The countries that met in Paris committed themselves not only to providing greater resources to the reconstruction of Afghanistan but also to making the provision of those resources more transparent, accountable and effective. We welcome the fact that they are all committed to more local procurement and capacity-building and to ensuring that the benefits of development can reach all provinces equitably.
For UNAMA to play that role, it will require greater resources so that Special Representative of the Secretary-General Eide will have the tools to do his job, aid can actually reach the Afghan people and the donor countries can get the greatest value added for their contributions. We concur with the Secretary-General’s recommendation that UNAMA expand its presence throughout Afghanistan with the opening of six new provincial offices in the next 12 months. We strongly support Special Representative of the Secretary-General Eide’s drive to increase the capacity and effectiveness of UNAMA in a number of key areas through staffing increases and structural changes that allow for an integrated approach, thereby ensuring all United Nations and international efforts are properly coordinated.
Coordination is UNAMA’s key mandate and priority, and UNAMA has responsibility for coordinating between civilian and military efforts, the Afghan Government and the donor community, within the donor community, and within the United Nations family. Therefore, we fully support and encourage any and all efforts by Special Representative Eide to reinforce UNAMA’s central coordinating role, as provided for in resolution 1806 (2008).
Thirdly, we fully agree with the Special Representative’s conclusion that elections are a key priority and an important measure of Afghanistan’s democratic progress. The Afghan Independent Election Commission is the lead coordinating body for the August 2009 presidential and provincial council elections and the summer 2010 parliamentary elections. We strongly urge Special Representative Eide to work closely with the Afghan Government, the Afghan Independent Election Commission and the United Nations Development Programme to relieve pressing issues relating to voter registration and the passage of the new election law.
Fourthly, Afghanistan’s neighbours have an important role to play in supporting the Afghan Government’s efforts to secure its borders. Resolution 1806 (2008) highlights UNAMA’s role in supporting regional cooperation and the Special Representative has been active in that area. A stable Afghanistan could be a land bridge creating an economic zone comprised of Central Asia, South Asia and South-West Asia. Afghanistan should not used as a geopolitical battleground and we call on Afghanistan’s neighbours not to arm or finance insurgents or allow them to operate from their territories.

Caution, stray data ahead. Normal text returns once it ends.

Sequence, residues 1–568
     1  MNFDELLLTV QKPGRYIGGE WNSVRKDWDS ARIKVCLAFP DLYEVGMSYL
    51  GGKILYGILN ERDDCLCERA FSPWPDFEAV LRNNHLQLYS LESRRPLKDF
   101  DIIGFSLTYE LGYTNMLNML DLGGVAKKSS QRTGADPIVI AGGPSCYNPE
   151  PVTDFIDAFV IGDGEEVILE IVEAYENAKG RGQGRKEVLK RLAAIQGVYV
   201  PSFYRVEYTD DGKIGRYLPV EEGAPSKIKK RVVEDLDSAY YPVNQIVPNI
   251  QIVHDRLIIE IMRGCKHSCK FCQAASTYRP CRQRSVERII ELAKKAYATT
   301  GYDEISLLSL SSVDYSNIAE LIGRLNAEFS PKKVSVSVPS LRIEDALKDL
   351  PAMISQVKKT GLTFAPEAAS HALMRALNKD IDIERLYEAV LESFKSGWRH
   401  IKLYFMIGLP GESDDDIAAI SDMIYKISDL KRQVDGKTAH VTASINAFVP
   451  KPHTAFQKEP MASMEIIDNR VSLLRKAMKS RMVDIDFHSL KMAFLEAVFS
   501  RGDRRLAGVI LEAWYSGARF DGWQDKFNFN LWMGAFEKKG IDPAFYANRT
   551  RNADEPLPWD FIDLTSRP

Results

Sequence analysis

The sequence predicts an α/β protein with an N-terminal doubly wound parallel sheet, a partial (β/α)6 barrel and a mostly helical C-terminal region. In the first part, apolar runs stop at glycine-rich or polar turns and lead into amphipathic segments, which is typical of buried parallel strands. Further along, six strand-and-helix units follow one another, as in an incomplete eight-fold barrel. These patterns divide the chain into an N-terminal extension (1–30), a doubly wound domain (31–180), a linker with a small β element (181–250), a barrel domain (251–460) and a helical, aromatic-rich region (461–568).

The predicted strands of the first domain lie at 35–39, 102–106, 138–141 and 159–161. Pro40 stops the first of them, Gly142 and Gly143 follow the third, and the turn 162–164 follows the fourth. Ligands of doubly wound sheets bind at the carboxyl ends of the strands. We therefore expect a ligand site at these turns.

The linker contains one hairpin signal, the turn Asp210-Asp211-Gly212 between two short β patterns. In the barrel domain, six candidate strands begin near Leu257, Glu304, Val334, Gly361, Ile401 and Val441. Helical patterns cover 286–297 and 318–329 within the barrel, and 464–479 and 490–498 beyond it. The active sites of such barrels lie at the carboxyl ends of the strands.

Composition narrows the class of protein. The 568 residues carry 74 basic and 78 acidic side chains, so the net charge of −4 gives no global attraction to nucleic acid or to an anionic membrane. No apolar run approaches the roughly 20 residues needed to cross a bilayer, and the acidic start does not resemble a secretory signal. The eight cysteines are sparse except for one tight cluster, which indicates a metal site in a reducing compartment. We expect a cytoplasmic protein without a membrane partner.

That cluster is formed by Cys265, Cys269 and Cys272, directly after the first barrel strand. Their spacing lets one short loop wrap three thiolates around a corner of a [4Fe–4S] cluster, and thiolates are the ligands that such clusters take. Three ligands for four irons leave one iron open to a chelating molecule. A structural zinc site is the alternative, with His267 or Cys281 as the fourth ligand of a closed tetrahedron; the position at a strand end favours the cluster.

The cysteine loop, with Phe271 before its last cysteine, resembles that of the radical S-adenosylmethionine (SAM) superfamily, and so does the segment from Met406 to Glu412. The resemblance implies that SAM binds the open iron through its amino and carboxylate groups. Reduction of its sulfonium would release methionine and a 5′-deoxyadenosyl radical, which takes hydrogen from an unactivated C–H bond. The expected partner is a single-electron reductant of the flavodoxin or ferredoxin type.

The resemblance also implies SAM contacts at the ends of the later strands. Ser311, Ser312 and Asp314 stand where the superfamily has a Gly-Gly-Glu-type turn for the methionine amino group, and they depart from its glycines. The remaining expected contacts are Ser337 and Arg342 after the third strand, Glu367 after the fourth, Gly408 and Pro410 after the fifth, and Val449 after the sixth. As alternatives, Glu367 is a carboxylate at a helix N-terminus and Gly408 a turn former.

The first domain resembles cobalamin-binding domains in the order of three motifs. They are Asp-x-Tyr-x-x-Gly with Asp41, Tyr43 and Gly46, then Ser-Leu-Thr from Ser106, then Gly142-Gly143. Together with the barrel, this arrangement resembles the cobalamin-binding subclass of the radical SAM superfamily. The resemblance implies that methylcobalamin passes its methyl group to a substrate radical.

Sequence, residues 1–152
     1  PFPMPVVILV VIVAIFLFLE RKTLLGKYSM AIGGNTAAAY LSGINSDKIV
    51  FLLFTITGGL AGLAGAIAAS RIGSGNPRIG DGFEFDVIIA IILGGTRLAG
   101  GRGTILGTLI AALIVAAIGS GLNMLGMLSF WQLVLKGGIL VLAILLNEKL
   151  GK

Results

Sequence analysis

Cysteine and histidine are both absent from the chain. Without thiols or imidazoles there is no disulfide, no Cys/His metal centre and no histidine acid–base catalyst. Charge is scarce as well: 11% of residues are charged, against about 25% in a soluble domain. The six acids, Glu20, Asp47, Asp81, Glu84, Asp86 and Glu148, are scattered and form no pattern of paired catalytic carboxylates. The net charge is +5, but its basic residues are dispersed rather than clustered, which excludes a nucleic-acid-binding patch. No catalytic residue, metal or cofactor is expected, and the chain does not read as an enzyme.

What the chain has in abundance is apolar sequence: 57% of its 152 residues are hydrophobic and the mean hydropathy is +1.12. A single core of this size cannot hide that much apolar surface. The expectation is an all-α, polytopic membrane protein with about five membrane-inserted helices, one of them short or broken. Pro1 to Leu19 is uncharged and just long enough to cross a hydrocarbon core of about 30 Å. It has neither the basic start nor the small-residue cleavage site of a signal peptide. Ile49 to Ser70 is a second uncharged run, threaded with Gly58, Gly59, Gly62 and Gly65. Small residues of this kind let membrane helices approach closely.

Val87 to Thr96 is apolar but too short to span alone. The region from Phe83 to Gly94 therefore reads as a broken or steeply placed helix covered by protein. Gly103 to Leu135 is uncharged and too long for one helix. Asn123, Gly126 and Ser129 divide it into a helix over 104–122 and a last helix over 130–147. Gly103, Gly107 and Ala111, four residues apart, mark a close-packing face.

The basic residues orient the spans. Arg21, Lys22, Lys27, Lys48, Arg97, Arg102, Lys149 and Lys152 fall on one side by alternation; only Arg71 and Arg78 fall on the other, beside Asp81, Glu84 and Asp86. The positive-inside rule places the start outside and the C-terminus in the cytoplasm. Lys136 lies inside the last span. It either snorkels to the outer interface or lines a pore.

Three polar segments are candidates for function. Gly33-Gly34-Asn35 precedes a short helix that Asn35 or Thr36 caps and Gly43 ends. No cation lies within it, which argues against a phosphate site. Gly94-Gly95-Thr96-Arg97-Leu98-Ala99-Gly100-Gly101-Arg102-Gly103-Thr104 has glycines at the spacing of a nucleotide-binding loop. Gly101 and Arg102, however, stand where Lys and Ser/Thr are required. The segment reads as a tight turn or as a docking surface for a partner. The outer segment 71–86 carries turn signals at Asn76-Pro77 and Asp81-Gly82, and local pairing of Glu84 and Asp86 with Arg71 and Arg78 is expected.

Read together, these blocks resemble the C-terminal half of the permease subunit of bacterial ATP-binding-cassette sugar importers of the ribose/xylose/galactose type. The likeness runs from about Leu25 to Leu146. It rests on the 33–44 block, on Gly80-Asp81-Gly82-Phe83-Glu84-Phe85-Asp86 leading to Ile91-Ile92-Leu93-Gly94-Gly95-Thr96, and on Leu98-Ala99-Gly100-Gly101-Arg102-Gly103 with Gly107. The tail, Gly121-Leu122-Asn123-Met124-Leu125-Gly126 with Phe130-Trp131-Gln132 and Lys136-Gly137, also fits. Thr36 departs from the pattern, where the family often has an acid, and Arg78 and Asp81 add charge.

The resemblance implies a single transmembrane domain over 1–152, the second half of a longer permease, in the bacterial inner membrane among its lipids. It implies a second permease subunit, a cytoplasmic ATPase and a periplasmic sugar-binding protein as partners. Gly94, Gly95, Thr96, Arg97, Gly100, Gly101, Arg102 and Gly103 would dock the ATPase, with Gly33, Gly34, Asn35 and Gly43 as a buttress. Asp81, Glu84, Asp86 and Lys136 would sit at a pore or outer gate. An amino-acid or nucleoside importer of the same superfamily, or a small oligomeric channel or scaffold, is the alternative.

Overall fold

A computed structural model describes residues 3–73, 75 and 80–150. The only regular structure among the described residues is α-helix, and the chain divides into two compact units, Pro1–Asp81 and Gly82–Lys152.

Today, I want to reaffirm America’s steadfast commitment to the people of Afghanistan. The United States will continue to work closely with our partners on those issues until the Afghan people can live in stability, prosperity and democracy.
We, too, thank the Special Representative of the Secretary-General for Afghanistan and head of the United Nations Assistance Mission in Afghanistan (UNAMA), Mr. Kai Eide, for presenting the special report of the Secretary-General pursuant to Security Council resolution 1806 (2008) on the United Nations Assistance Mission in Afghanistan. We also thank the Under-Secretary-General for Humanitarian Affairs, Mr. John Holmes, for his briefing on the humanitarian situation in Afghanistan.
South Africa welcomes the successful outcomes of the international Conference in Support of Afghanistan that was held in Paris on 12 June 2008. That meeting was another important step in enhancing the partnership between Afghanistan and the international community. We are pleased that the Paris conference resulted in pledges of international assistance totalling about $20 billion. We hope that those pledges will be translated into actual commitments and will make a difference in improving the lives of the Afghan people.
My delegation continues to support the central and impartial role of UNAMA under the leadership of Special Representative Eide in leading the coordination of international efforts and in coordinating between the Afghan Government and the international community. We further support the strengthening of UNAMA’s coordination capacity to enable the mission itself to make a significant difference on the ground.